To sum up, I believe that reconciliation between the people of a small nation like Eritrea – that fought and drove-out a large and well-equipped occupying force with unity and resilience – should have been more conceivable than the current status quo. But under the current rule of the dictatorial regime, reconciliation and national unity is at stake, and there seems to be no end to the prolonged suffering of the Eritrean people. Based on this, I fully support the peaceful demonstration by our committed patriots in the USA, and I remind those living in the free world who are reluctant to take active role in the fight against oppression are wrong. Their inaction is prolonging the adversity of our people inside Eritrea. The freedom, stability and prosperity we enjoy, and the bright future we contemplate for our children are achieved by the sacrifice of many generations who valued and honoured the above-mentioned virtues.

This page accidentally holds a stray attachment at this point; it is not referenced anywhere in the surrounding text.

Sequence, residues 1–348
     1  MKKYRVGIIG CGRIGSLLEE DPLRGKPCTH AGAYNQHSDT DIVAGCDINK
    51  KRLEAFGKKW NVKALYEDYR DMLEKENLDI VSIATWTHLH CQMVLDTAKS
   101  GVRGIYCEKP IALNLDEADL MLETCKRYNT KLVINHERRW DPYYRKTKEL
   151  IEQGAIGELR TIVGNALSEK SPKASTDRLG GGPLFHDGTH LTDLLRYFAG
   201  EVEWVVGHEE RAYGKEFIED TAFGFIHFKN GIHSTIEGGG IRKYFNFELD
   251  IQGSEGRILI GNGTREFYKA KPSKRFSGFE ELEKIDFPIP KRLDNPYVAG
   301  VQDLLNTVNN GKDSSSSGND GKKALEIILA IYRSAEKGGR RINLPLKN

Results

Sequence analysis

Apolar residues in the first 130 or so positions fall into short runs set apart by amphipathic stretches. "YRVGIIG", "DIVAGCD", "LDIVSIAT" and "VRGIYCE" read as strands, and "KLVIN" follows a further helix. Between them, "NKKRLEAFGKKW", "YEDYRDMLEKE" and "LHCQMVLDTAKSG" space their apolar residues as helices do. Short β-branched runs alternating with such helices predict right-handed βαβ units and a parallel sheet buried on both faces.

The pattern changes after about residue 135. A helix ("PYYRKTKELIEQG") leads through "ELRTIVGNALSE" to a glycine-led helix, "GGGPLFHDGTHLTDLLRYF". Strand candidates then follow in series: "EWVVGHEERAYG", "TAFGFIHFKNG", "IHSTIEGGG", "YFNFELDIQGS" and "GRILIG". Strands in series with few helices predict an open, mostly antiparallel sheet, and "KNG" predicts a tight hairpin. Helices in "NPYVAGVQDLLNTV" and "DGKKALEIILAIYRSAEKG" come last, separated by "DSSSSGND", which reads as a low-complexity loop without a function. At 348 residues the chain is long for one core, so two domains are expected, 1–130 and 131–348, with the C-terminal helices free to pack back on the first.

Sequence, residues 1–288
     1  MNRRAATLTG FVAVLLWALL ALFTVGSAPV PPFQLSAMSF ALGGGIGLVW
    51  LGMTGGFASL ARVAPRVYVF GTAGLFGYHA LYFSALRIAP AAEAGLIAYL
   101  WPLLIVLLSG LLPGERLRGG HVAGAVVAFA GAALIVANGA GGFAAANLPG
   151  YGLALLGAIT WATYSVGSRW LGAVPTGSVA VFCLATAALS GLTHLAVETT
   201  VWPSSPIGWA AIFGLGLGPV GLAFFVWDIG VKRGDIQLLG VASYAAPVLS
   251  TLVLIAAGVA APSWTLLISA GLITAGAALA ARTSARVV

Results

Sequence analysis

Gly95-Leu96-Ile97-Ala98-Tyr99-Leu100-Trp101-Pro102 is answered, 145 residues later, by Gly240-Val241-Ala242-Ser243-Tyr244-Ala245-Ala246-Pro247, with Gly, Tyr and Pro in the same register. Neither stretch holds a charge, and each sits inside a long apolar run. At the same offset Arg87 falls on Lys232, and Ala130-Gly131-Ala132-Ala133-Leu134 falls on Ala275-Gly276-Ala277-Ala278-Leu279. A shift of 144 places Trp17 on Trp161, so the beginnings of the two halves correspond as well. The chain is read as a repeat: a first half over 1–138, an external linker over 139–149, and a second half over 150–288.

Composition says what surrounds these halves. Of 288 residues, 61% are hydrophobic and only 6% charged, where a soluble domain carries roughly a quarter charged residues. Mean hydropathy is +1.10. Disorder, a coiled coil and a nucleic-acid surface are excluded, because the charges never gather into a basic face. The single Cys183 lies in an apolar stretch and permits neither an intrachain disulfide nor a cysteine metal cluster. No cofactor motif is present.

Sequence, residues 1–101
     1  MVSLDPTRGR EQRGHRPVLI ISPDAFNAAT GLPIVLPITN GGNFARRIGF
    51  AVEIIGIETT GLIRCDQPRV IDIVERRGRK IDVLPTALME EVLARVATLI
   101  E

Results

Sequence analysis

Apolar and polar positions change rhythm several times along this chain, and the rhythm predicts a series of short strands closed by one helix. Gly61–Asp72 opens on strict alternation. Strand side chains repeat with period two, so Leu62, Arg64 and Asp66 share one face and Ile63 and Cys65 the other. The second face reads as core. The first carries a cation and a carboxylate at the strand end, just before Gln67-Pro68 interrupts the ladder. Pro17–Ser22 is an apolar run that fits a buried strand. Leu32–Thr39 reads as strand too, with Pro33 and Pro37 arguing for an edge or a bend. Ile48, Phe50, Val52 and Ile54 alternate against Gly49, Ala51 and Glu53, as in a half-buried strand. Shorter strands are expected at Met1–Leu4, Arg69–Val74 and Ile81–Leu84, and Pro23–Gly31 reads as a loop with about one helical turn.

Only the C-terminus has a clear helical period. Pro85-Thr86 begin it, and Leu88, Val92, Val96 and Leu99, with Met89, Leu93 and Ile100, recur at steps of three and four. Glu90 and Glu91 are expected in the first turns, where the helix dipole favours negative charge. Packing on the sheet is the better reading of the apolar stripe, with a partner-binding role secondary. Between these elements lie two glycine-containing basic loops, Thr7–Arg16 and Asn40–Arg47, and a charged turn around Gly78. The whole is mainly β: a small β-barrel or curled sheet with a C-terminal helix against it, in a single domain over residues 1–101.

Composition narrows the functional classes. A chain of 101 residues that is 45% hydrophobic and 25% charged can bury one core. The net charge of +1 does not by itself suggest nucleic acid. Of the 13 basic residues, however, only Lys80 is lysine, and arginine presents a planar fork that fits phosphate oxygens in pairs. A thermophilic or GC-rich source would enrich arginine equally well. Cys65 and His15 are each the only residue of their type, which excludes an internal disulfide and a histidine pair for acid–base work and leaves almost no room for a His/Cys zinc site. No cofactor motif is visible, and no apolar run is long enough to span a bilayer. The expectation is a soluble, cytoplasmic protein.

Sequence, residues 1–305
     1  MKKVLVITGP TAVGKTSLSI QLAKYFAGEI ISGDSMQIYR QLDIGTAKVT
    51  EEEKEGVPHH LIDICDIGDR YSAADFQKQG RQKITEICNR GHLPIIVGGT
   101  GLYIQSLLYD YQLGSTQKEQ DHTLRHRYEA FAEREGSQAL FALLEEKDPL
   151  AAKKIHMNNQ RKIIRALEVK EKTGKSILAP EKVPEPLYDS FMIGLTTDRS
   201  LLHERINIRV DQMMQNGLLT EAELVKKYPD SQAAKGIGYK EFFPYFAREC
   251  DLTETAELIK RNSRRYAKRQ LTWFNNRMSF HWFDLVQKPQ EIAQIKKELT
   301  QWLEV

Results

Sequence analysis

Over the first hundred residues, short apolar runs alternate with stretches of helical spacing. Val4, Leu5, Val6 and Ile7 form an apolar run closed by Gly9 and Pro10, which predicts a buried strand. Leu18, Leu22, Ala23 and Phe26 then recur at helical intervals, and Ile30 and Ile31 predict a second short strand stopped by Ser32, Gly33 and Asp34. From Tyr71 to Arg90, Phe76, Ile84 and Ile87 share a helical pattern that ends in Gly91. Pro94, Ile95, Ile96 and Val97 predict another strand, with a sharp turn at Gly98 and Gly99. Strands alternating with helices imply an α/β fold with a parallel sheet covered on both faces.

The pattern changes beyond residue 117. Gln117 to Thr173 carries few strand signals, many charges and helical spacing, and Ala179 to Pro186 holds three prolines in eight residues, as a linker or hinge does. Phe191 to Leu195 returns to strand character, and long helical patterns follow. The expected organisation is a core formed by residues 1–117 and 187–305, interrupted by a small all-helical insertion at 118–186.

+SPLA (Sudan People’s Liberation Army); SPLM (Sudan People’s Liberation Movement)